Google is getting increasingly serious about website security. For a few years now they have been gradually making it more attractive for websites to have an ‘SSL certificate’, which makes the transfer of data between a website and a person’s browser more secure.
Read more about SSL here
From October 2017, websites with any kind of text input (for example a contact form) will require an SSL certificate if they want to avoid a “Not Secure” warning in the address bar of Google’s Chrome browser.
In the worst case, if your website doesn’t have an SSL certificate, people will be sent to this page, not your website:
Is my site affected?
Here are 2 questions to ask yourself:
- Does your website take any text input? This includes contact forms, site search, newsletter signups, and login areas.
- Is your website using HTTP:// in the address bar?
If you answered “yes” to both of those questions, you need to implement HTTPS… And if your site has a checkout, i.e. you sell things online, then you absolutely must get an SSL certificate as a matter of urgency.
And you need to make sure it’s done in the right way so you don’t risk losing visits from search engines.
What should I do next?
- Contact your web developer and tell them you want to move to HTTPS. There are a few different ways to do this and your developer will be able to advise you on the most suitable one for your site. Check out this article on Moz for some options.
- In technical parlance, the move to HTTPS is a ‘website migration’. This means that all the pages are moving to a completely new location. Ask your developer to use ‘permanent redirects’, as opposed to ‘temporary redirects’, to point all the pages on their old HTTP address to their new address at HTTPS. Permanent redirects work better for SEO. More on that here.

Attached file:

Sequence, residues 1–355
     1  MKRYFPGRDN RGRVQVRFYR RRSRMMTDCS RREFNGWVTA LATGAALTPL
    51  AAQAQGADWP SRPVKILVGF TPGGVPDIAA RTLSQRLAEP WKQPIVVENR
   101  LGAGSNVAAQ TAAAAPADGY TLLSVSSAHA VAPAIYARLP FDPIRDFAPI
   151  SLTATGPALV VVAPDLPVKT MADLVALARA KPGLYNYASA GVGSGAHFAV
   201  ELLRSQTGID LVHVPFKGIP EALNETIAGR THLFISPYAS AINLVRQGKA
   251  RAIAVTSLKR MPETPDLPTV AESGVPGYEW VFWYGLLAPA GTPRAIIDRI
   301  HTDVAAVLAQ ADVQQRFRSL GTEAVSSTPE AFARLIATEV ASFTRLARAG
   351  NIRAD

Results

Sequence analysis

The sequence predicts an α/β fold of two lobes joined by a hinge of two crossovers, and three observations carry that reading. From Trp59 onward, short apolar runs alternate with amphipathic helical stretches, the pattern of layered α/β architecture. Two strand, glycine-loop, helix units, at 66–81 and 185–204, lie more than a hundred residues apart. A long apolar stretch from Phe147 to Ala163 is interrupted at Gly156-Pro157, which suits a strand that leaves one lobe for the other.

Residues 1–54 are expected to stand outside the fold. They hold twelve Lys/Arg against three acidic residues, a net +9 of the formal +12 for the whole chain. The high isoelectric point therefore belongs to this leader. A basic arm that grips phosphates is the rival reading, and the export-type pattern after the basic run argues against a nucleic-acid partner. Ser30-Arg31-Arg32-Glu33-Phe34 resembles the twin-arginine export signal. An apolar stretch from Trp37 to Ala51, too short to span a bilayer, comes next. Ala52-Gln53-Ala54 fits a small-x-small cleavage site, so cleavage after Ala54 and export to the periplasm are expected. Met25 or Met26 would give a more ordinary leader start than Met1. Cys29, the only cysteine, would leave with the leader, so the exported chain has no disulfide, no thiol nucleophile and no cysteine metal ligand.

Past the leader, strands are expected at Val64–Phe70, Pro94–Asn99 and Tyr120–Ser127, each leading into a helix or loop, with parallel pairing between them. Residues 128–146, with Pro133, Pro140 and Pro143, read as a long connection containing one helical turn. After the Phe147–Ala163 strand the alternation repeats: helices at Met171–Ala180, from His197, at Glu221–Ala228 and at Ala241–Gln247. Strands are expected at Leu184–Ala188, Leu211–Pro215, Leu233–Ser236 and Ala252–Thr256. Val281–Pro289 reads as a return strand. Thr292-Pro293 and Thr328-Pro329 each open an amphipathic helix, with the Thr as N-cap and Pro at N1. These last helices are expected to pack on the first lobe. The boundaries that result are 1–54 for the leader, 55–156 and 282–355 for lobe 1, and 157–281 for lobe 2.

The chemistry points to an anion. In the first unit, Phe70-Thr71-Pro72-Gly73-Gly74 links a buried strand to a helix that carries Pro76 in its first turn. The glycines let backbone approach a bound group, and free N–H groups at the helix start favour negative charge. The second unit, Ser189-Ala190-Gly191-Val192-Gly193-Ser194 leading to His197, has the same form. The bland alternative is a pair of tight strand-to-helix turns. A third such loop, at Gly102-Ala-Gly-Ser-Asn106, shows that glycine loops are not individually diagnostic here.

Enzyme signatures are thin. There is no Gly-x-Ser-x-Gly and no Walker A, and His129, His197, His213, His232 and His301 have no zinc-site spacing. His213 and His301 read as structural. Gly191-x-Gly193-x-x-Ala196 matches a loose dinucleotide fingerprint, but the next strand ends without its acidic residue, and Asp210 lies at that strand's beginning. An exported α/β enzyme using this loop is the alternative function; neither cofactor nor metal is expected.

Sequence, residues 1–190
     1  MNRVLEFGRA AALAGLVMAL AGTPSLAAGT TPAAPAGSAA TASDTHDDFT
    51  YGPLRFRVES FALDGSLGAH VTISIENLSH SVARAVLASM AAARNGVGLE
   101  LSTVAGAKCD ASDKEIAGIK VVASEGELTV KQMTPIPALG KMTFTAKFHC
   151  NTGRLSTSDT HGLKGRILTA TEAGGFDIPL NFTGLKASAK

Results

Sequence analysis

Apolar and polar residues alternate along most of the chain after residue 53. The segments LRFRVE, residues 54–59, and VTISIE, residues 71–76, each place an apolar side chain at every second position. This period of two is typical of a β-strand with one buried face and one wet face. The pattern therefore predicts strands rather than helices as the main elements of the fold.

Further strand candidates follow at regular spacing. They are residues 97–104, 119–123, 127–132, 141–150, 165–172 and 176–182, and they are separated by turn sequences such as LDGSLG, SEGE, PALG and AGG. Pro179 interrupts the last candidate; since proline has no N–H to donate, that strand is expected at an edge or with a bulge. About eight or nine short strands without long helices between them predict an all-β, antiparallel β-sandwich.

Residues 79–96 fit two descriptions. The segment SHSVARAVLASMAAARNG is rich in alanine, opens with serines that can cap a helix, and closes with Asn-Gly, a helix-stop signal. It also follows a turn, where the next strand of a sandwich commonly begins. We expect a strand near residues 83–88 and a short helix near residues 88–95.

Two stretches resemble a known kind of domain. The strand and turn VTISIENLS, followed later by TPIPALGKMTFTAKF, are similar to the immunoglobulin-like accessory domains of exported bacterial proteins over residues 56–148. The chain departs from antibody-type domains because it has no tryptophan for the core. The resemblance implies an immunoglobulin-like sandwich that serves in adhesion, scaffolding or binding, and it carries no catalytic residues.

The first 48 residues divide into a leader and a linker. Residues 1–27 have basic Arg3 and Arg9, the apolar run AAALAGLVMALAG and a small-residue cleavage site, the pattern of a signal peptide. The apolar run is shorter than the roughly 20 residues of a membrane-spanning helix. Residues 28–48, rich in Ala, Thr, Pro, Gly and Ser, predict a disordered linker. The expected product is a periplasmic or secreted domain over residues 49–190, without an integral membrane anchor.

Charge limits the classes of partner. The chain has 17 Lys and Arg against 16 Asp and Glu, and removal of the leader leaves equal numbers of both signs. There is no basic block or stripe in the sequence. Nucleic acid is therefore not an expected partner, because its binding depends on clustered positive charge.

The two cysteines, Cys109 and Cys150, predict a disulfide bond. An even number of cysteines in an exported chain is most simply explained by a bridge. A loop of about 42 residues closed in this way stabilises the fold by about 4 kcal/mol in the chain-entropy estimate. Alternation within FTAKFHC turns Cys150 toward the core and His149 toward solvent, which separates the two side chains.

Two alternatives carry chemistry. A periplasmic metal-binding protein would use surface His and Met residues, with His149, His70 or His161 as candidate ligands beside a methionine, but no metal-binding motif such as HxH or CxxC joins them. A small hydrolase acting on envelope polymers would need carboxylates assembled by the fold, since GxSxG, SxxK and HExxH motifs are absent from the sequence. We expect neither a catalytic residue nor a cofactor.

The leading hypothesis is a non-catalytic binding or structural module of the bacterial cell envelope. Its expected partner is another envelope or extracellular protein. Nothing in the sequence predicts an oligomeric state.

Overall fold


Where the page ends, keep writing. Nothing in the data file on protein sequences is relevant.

- Ask your web developer to scan your website’s database for instances of HTTP and to replace them with HTTPS when they switch your site over.
If your business depends on visits from search engines for enquires and sales, we’d recommend you implement ‘rank tracking’.
Here are the steps you’ll need to take:
- Keyword research: compile a list of the main keywords that people use to find your website. Although this is a ‘how long is a piece of string’ exercise, you should be able to get a ‘fit for purpose’ list of keywords from your Google Search Console (set it to the last 90 days). If your website is a few years old or more and you’ve been running Google Analytics all that time, you’ll be able to get more keywords from Analytics. Experiment with setting the timeframe so the list isn’t dominated by ‘not provided’.
- If you’ve used more than one source to compile your list of keywords, you’ll need to de-duplicate the list using Microsoft Excel.
- Now upload your list of keywords into a ‘Rank tracker’. These are tools that test, daily or weekly, where your website ranks for a list of keywords. Rankwatch is one of our favourites for this kind of work. It’s simple to use, does daily tracking, and is inexpensive. Although it doesn’t offer much of the more refined analysis, it’s perfect for spotting whether your rankings have changed for a keyword, and if so, which page is affected.
- Run your rank tracking software for a least a week before you migrate your site onto HTTPS. That way, you’ll be able to plot a trend for how well your site is ranking.
You can now ask your web developer to make the move over to HTTPS. When that is complete, look at your rank tracker every day for at least another week, ideally 2 weeks, and check to see if any of your keywords are suffering and which page is affected.
What sort of problems can I expect?
Hopefully none. One of the difficulties with persuading organisations to undertake this kind of work is that the best result they can hope for is ‘no change’. But when things do go wrong, it can be catastrophic. We know of one well-regarded charity that lost 20% of its website visitors through a poor migration, and a trade association that has lost over 50% of its visitors.
If there is a problem, for example if your developer has used temporary redirects rather than permanent redirects, Rank tracking will help you to quickly identify where the problem is, and you can begin coming up with an answer. The longer you leave it, the harder it is to recover.
Good luck and please feel free to contact us if you’d like any further information on this.